In the 60s, Dark Shadows was a cult soap opera with supernatural themes, similar to one we had not that long ago called Passions. I don’t believe the soap was terribly popular, but it did last a few seasons and has gone on to become a cult favorite. If you are a fan of the series, you have my deepest sympathies for what Tim Burton has done.
What is this about?
Tim Burton’s take on the cult gothic soap follows a centuries-old vampire as he returns to his now-crumbling estate to meet his modern descendants. But what he finds is a house full of secrets and shadows.
What did I like?
Vision. I don’t think that there is a Tim Burton flick that I don’t instantly fall in love with the contrast of light and dark. Well, maybe Alice in Wonderland, but the rest are a nice mix of bright-colored backgrounds with dark stories and characters. This contrast even goes as far as the makeup. The ruby-red lips that Dr. Hoffman and Angelique are sporting, as well as Hoffman’s red hair really stand out in this macabre, dreary town.
Depp. I have to give it up to Johnny Depp, he really creates a vampire that could be frightening, and yet likable. He’s an unapologetic, bloodthirsty, vengeful, lecherous member of the undead and makes no apologies for it. This is a stark contrast to the vampires that have been polluting the screens the past few years. Depp also knocks it out of the park with his acting. I was expecting another character with that same British accent he uses eveyrtime he plays someone from across the pond, such as Jack Sparrow or Sweeny Todd.
70s and new blood. The 70s setting makes for quite some interesting experiences for someone who lived in the 19th century. It is quite the culture shock, especially when you see someone names Alice Cooper, who turns out to be “one ugly woman”. The infusion of two new, extremely attractive actresses, as opposed to the same ones we’ve seen over and over again, Eva Green (Angelique) and Bella Heathcote (Maggie/Victoria/Josette), not to mention the growing star of Chloe Grace Moertz.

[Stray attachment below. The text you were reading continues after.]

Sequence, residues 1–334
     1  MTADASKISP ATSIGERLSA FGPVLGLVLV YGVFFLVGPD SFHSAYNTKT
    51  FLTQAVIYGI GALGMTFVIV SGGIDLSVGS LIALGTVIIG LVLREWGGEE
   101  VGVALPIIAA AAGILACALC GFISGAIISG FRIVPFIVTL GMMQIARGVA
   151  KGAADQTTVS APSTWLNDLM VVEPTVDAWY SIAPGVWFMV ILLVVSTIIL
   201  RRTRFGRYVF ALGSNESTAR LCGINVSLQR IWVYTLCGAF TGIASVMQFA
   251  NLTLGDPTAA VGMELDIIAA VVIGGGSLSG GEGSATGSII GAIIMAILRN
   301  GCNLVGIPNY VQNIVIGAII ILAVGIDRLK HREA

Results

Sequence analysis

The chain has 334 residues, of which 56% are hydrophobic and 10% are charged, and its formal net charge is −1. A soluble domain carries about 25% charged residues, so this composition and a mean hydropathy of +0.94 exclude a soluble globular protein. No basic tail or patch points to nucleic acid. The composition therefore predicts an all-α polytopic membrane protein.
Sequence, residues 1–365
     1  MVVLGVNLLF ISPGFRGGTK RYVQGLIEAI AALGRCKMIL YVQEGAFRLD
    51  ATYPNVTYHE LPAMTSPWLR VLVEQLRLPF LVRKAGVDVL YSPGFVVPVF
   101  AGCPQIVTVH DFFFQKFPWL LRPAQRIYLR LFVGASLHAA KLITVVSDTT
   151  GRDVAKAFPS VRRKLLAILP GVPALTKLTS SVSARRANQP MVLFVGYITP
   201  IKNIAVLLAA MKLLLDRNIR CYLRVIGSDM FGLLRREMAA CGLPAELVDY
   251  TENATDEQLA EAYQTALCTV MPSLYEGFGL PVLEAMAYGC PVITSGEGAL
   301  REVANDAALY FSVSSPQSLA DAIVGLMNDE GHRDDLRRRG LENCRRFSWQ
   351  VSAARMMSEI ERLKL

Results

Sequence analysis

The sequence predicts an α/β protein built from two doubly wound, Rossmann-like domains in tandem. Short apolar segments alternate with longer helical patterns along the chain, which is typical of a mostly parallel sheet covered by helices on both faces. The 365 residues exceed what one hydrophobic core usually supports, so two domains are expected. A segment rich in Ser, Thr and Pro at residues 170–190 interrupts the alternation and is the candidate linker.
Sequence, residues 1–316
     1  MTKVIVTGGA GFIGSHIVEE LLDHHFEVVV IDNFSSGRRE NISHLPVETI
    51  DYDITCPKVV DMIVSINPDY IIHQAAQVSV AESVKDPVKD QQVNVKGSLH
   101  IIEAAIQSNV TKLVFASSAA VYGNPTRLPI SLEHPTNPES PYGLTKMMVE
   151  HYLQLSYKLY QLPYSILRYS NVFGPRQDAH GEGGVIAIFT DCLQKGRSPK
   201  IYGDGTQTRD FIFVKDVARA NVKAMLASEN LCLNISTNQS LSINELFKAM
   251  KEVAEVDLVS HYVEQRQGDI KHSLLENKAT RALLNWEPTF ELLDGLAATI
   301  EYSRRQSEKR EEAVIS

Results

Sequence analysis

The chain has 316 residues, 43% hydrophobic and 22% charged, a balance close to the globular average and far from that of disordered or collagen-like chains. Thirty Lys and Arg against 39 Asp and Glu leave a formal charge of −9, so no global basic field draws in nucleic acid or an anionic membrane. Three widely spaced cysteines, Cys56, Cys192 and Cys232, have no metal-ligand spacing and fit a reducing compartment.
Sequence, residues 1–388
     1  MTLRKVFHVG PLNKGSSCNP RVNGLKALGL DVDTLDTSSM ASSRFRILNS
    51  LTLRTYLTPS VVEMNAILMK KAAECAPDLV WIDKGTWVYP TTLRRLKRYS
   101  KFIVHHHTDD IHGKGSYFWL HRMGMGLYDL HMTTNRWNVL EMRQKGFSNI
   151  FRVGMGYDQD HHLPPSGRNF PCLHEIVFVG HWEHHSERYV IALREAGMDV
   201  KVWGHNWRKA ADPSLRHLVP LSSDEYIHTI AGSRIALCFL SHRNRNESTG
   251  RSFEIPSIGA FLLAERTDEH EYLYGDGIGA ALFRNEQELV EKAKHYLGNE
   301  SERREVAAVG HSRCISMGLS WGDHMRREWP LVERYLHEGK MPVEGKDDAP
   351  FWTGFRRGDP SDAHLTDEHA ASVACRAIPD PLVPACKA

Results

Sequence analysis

What didn’t I like?
Change. I’m torn as to what I think of the change in tone from the original series. On one hand, I enjoyed it, as a film by itself. However, I did watch some episodes of the series this summer, and there were very few things that resembled this film, or vice versa. As I said before, if you’re a fan of the series, I feel your pain for what Burton did to something you truly love. At least they kept the supernatural aspect intact, and the comedy bits add a little spice to it.
Angelique. As much as I was drooling over Eva Green, I wasn’t too fond of the character, Angelique. She is one of those that does nothing but use her feminine wiles and witchcraft to manipulate the town into loving her and doing her bidding, but when Barnabas returns from the grave, she knows it could all very well end, ironically by one of her “creations”. The cracking porcelain face was a nice touch, though.
Pick a genre. One critic said that this film couldn’t decide what genre it wanted to be, horror, comedy, drama, etc. I have to agree, though it wasn’t as much of a distraction for me. I would have liked for it to go full on comedy since that is the direction they chose to go, with a few horror and dram a elements. This is based on a soap opera and deals with vampires, after all.
Ending. I won’t spoil the ending, but I will say that it sets up very nicely for a sequel. The problem is, they kind of tip their hat a little early by showing something they shouldn’t have while this particular character is getting killed. I guess that is more of a goof than a complaint…for now.
Dark Shadows provides some nice entertainment and will probably go on to be a cult favorite in years to come. The film was labeled as a flop this summer, but it came out the week after The Avengers, which went on to be #1 for like close to two months. I think this would have done better being released around Halloween. Do I recommend it? Yeah, this is one of those film you can start off your scary movie parties with as a warm-up, or if you’re into the horror comedy thing, couple this with something like Fido, This definitely worth checking out and is better than people give it credit for. Admittedly, I think I liked it more than I should have!
4 out of 5 stars